In this 3-part series, we discuss discuss mountain photography with local photographers. In this installment, we chatted with Tyler Weber, who specializes in landscape and action shots, including ice climbing photography. Want to learn more? See our conversations on wildlife photography with Brandon T. Brown and nightscape photography with Kahli April, coming next week.
Tyler is a landscape and adventure photographer based in Grande Prairie Alberta. He specializes in commercial photography as well as photography education through his workshops. he has a passion for the outdoors and loves getting out and adventuring as much as possible! When he doesn’t have his camera in hand, he loves spending time with his wife and girls, traveling, and climbing.
Q. What is your must-have piece of equipment for photographing high-intensity winter activities?
A. Other than the obvious, being cameras, I have a few items that are a must during the winter season. First is my bag itself. My F-Stop Ajna bag keeps all my gear easily accessible but also away from the elements. Next is batteries. In cold conditions, you have to make sure that you carry a ton of extras, especially if you are a mirrorless shooter. I carry eight extra batteries with me, just in case. Third on is extra pairs of thin gloves. I prefer thin gloves over larger bulky gloves for dexterity, but because they’re so thin they get soaked fast. Always bring a few extra pairs with you when shooting in cold winter conditions. Last but definitely not least is my satellite messenger. I use a Garmin inReach Mini. This device gives me and my climbing partners peace of mind when we are out on remote areas climbing. If anything were to ever go wrong, we would have a way to communicate with the outside world and get the help we needed.
Q. How do you prepare to capture the perfect moment during physically strenuous activities like ice climbing?
A. When I plan a shoot, I try to conceptualize images ahead of time so I know where I want to be in order to capture a compelling image. I will scout the location out and I talk to my climbers ahead of time to make a clear plan, so we are all on the same page when it comes to key images that I am looking for. In other situations, when I am shooting on the fly without a plan, I rely on my past experiences. If a climb looks aesthetic and beautiful, I will often hang back and capture the entire climb from a distance, with a climber on it for scale. If its tall, exposed, and there is great scenery below, I will get above the climber and capture the scene from that angle.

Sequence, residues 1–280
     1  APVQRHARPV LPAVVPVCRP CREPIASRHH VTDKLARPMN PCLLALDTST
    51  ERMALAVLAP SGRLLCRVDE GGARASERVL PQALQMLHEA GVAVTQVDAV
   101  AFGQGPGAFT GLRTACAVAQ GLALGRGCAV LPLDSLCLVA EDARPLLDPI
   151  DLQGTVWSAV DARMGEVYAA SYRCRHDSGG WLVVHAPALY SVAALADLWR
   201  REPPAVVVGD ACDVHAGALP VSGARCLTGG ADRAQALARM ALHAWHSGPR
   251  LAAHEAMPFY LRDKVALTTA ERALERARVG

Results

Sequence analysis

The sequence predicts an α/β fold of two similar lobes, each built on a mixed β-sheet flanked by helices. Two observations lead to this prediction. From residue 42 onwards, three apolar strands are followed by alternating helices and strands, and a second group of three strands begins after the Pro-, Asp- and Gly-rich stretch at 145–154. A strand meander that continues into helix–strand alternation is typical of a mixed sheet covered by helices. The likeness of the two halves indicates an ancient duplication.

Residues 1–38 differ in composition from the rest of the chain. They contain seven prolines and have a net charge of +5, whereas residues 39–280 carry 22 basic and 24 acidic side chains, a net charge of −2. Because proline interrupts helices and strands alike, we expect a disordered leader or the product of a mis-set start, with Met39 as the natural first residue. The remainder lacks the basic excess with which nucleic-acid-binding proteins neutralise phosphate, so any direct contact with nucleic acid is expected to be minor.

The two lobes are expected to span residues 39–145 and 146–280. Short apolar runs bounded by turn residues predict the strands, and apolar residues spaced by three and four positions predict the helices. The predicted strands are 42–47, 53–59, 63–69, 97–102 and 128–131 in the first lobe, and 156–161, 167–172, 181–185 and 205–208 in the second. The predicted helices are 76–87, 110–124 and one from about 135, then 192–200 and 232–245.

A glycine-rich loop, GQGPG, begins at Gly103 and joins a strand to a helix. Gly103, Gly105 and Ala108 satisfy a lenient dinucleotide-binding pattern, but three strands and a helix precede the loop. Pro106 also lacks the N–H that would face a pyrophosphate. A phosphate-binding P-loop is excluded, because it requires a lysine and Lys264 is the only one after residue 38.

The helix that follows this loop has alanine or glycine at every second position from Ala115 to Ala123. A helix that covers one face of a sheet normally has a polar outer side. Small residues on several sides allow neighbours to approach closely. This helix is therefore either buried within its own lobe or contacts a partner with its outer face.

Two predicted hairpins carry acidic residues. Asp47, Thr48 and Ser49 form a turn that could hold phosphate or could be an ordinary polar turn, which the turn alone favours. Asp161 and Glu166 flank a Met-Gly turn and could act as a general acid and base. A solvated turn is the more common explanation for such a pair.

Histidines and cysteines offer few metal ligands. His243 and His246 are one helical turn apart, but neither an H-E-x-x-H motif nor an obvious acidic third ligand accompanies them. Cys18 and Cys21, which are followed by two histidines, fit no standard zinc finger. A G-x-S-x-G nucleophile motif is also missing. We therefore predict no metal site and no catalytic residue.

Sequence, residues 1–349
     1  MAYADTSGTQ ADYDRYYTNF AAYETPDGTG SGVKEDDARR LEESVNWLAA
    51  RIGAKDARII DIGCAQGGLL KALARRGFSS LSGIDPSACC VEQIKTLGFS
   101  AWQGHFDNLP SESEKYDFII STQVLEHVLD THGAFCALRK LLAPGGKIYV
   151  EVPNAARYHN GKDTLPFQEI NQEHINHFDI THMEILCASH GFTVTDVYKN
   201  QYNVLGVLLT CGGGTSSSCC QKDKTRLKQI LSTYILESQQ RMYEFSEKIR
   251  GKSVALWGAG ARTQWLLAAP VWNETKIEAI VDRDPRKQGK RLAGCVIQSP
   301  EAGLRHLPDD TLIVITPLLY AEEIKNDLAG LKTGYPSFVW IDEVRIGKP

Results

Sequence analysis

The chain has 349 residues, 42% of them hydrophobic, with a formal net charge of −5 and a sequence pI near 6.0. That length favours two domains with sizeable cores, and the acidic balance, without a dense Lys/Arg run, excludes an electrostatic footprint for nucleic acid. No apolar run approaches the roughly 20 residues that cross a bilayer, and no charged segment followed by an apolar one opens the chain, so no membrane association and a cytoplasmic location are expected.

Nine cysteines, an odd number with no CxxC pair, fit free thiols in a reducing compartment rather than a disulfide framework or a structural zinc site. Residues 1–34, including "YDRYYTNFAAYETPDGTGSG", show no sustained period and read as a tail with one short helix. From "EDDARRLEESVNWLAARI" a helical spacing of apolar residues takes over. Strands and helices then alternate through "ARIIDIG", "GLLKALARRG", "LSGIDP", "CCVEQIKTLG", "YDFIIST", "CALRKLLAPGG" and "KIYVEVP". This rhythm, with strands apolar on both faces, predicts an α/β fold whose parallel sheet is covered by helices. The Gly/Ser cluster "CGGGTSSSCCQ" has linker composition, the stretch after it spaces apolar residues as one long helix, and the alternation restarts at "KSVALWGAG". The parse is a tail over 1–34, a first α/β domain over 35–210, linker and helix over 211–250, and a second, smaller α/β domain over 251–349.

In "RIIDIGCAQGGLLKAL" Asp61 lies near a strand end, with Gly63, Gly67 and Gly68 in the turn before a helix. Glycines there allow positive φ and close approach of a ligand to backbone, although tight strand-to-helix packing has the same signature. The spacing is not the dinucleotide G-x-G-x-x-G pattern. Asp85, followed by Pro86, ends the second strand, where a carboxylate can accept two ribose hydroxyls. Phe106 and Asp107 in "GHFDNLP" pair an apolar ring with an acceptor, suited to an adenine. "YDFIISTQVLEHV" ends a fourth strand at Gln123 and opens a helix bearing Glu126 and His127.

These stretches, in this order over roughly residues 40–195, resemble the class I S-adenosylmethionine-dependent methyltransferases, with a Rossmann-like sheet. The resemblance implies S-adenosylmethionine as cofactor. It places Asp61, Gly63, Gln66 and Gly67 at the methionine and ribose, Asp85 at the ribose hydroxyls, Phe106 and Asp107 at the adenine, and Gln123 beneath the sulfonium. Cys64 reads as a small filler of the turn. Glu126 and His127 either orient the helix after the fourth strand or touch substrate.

Q. When planning a photoshoot, how do you adjust for unpredictable mountain weather?
A. Normally I am hoping for adverse weather! Snowstorms and moody clouds make for dramatic images so when the weather comes in, I welcome it. The only time I will change plans is if it affects the safety of the group.
Q. Does getting great climbing photos require you to climb yourself?
A. I often lead the climb, or climb first, in order to get the top down shot. I always make sure I can keep up to my climbers; the last thing I want is to be holding up a party with an objective. Although I have been known to struggle with balancing my attention while both shooting and climbing. I once followed a pitch of climbing and forgot to bring enough gear to protect the pitch above, all because I was focusing too much of my attention on the fading evening light. I left the ground with only once piece of gear in a mad dash to get in position to shoot. Thank goodness for good friends who know me well enough to over prepare. Also, if feel I am out of my league on a climb, I will do my best to access the top and rappel in. This sets me up in a position to get the shot I am looking for.
Q. What advice do you have for aspiring adventure photographers?
A. Passion is key to success. Do it because you love it. Work hard, get out and shoot. Success will come in time. For me it’s not about exposure or making a career out of it. I do it because of a genuine love the outdoors and creating images that make me smile.